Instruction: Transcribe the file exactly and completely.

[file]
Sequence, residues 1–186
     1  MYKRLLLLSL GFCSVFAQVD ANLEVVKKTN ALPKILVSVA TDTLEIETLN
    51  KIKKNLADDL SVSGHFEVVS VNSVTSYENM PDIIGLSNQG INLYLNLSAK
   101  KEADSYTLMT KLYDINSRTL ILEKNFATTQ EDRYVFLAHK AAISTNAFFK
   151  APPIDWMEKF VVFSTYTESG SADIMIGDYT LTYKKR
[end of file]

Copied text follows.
Sequence, residues 1–186
     1  MYKRLLLLSL GFCSVFAQVD ANLEVVKKTN ALPKILVSVA TDTLEIETLN
    51  KIKKNLADDL SVSGHFEVVS VNSVTSYENM PDIIGLSNQG INLYLNLSAK
   101  KEADSYTLMT KLYDINSRTL ILEKNFATTQ EDRYVFLAHK AAISTNAFFK
   151  APPIDWMEKF VVFSTYTESG SADIMIGDYT LTYKKR